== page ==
Humboldt State University ® Department of Chemistry

Robert A. Paselk Scientific Instrument Museum

from : Edwin Edser. Heat for Advanced Students. Macmillan and Co., Limited. London (1911) pp. 5-11.
Copyright © 1998 Richard A. Paselk

 Construction of a Thermometer.--The first thing to be attended to in this connection, is the selection of the tube to be used for the stem of the instrument. As to the bore of the tube, it can easily be seen that the smaller this is, the greater will be the sensitiveness of the thermometer, assuming the bulb to have the same size in all cases; or, on the other hand, for a given sensitiveness, the size of the bulb can be diminished, according as a tube of a finer bore is employed. The exact relation between the bore and the size of the bulb may be determined as follows :-

[calculations for examples with spherical and cylindrical bulbs]
. . .
Thermometer Tubes should be of Uniform Bore.--In selecting a tube for the construction of a thermometer, it is most important to determine whether the bore is uniform throughout the length to be used. This point may be settled by carefully sucking a short thread of mercury into the tube, and measuring its length when occupying various positions in it. A tube in which these lengths vary by more than a very small amount should be discarded.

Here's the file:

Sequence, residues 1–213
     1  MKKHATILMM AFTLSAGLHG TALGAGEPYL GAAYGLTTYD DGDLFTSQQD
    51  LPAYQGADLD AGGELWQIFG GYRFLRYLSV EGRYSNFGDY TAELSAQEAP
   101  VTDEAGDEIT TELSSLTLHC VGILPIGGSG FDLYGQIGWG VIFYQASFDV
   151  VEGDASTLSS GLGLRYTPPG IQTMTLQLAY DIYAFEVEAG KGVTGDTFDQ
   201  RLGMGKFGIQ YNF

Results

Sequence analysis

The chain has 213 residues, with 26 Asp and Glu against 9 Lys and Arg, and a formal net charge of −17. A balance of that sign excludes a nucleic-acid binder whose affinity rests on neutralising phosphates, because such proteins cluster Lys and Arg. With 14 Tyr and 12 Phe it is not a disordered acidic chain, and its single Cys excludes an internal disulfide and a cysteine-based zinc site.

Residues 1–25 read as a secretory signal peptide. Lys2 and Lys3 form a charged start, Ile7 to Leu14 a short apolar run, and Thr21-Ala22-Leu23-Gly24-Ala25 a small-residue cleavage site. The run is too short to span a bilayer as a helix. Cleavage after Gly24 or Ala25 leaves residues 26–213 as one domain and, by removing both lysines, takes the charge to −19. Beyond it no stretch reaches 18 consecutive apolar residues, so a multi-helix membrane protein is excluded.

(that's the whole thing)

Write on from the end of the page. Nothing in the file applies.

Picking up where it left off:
The bulb of the thermometer is sometimes blown directly from the glass composing the tube, but more often is made independently and fused on to the stem. Before doing so, the inside of the tube is carefully cleaned, as any traces of dust or other foreign matter will subsequently cause great trouble and annoyance.